At some point in late February – after 7,367 posts – I stopped visiting Twitter and deleted all the Twitter apps from my machines.
My world suddenly became more calm, more quiet, and I had more focus.
I’ve posted a handful of direct messages during that time – but nothing public.
In the past couple days, I’ve been visiting Twitter.com again and have found it as satisfying as a fifth Krispy Kreme glazed doughnut.
The @-replies, the retweets, the opaque URLs, the echo chamber-ness, and the cute passive-aggressive-ness all taste like the sugary frosting around 140 characters of emptiness.
Have I missed things that are important?
Maybe. Google’s ‘latest’ search captures most of the things I’m actively tracking (and if there’s a good way to see how empty 140 characters feels – compare it against other search results). For the rest – given how quickly the Twitter stream flows – quello che sarà, sarà.
Has it changed how I communicate?
Most definitely. I’m emailing and IM’ing more and I like that. More thoughtfulness, more conversational, more intimate, focused topics, far less twitchiness.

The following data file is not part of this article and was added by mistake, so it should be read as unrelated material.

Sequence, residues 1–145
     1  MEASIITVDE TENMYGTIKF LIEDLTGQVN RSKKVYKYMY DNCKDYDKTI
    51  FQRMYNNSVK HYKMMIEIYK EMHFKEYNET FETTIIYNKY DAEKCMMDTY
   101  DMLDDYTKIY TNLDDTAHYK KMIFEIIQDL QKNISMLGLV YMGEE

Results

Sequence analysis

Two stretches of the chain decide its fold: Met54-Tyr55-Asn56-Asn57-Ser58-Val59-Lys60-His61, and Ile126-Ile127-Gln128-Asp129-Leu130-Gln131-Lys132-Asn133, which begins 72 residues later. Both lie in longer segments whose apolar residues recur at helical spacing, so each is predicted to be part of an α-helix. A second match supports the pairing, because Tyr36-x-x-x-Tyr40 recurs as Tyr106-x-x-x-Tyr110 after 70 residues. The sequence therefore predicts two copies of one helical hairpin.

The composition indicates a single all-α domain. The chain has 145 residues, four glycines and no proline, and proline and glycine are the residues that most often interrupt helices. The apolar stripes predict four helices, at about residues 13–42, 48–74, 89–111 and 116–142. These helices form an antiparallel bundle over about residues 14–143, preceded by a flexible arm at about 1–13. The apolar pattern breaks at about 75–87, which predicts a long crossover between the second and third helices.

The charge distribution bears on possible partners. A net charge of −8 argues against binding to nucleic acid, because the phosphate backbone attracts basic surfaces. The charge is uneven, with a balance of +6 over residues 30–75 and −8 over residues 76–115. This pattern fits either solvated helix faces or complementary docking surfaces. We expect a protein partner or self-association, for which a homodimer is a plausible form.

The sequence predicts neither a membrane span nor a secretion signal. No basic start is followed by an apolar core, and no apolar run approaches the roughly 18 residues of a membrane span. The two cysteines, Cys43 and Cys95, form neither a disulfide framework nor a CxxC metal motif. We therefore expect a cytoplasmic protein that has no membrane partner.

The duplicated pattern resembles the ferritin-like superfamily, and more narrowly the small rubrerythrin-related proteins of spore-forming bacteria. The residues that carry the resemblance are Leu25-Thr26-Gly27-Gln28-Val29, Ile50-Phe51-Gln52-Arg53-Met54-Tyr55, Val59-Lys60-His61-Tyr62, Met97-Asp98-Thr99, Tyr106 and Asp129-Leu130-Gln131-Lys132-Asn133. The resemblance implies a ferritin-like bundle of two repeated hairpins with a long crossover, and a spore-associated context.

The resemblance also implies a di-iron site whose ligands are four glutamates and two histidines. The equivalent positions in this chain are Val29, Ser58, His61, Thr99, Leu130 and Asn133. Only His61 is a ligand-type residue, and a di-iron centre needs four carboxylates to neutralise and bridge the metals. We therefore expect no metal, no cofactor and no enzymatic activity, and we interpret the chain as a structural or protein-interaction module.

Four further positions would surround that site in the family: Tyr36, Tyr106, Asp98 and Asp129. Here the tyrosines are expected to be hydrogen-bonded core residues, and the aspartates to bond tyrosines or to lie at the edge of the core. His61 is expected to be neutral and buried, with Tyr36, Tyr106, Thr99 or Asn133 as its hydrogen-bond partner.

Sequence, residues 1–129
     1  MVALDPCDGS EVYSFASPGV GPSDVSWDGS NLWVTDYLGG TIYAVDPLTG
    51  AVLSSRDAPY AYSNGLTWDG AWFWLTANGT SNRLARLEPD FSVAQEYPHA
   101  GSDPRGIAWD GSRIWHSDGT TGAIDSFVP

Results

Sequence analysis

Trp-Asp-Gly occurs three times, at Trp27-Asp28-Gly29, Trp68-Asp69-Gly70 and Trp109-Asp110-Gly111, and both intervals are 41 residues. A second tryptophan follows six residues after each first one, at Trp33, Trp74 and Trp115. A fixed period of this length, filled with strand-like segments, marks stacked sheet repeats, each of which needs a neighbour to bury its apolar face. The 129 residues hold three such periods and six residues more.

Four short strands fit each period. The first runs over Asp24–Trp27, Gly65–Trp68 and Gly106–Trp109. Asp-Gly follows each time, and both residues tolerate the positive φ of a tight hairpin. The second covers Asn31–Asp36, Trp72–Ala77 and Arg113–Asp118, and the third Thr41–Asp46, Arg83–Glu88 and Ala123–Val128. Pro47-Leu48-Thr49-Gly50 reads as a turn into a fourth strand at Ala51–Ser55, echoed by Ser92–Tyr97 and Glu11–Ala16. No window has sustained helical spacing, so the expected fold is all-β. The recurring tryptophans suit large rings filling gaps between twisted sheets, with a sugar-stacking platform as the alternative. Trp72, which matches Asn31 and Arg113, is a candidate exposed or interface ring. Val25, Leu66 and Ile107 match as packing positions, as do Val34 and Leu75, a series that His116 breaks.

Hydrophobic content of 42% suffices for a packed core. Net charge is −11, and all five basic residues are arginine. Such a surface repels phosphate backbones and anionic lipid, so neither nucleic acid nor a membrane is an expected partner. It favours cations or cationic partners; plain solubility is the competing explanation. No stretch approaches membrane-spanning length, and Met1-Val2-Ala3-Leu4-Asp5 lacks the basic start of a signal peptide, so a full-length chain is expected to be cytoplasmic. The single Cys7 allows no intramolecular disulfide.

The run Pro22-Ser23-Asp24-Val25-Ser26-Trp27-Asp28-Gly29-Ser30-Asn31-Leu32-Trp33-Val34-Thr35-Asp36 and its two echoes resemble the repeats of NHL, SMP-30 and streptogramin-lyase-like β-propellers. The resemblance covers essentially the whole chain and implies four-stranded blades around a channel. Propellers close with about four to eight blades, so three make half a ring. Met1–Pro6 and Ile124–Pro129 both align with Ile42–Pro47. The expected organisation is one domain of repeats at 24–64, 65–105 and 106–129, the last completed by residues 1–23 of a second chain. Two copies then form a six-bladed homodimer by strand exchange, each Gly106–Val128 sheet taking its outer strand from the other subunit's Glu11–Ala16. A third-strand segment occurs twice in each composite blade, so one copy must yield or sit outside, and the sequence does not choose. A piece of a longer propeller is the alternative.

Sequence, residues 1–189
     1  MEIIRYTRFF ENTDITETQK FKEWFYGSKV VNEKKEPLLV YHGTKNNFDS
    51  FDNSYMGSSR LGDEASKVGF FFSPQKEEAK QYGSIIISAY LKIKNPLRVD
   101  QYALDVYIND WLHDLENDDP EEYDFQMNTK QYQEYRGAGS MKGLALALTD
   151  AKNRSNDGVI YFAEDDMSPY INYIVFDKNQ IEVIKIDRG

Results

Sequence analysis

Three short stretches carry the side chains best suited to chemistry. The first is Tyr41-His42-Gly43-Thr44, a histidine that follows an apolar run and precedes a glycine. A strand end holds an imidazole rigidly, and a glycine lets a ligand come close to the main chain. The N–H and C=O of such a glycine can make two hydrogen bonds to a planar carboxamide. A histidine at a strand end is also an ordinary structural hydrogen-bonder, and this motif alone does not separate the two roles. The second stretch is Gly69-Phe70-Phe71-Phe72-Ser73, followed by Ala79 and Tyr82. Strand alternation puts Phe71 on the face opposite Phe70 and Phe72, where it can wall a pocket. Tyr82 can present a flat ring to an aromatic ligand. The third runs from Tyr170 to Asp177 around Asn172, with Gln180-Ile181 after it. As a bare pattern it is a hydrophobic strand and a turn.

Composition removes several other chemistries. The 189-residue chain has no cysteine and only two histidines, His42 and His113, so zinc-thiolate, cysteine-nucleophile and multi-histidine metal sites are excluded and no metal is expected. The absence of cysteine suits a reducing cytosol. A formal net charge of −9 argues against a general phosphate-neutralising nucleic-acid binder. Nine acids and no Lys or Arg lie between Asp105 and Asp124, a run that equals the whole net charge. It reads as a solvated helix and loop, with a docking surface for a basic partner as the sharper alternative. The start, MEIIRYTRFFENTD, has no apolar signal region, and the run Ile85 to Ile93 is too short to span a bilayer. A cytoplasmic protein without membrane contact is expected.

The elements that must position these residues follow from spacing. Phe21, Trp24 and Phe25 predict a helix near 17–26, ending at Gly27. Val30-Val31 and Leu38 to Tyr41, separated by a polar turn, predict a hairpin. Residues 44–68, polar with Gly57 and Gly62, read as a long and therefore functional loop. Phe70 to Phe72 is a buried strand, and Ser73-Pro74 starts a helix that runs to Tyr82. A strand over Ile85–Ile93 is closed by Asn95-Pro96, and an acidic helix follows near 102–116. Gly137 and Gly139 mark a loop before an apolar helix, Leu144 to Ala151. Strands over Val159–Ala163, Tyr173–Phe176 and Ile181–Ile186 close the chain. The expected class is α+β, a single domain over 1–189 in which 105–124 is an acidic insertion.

What happened on my Twitter account during that time?
My follower count remained static. I received a small number of direct messages and an even smaller number of @-replies. It left me with the distinct sense that maintaining engagement on Twitter is like pushing on a string – once direct pressure is no longer applied, movement stops.
Yes, this post is primarily to put a bookend on my my archive of Twitter-related archive.
Want to discuss this further? Drop me an email or IM.
Hat tip to Jamie for the intro quote.
Update 24 March 2010:
I just received this message from Klout.com
“Our analysis shows that your influence on Twitter has dropped from 30 to 8. There are a lot of reasons this could have happened but don’t worry, we are going to help you become more influential!..”
Update 2 April 2010:
It occurs to me that Retweeting is Email-forwarding’s lazier cousin.
Update 21 April 2010:
I finally found a line I wrote in June 22, 2009:
“When I Tweet, nothing much happens for me other than reducing my incentive and motivation to create anything else. That seems like an obviously pretty bad deal in every way you slice it.” – Dave Slusher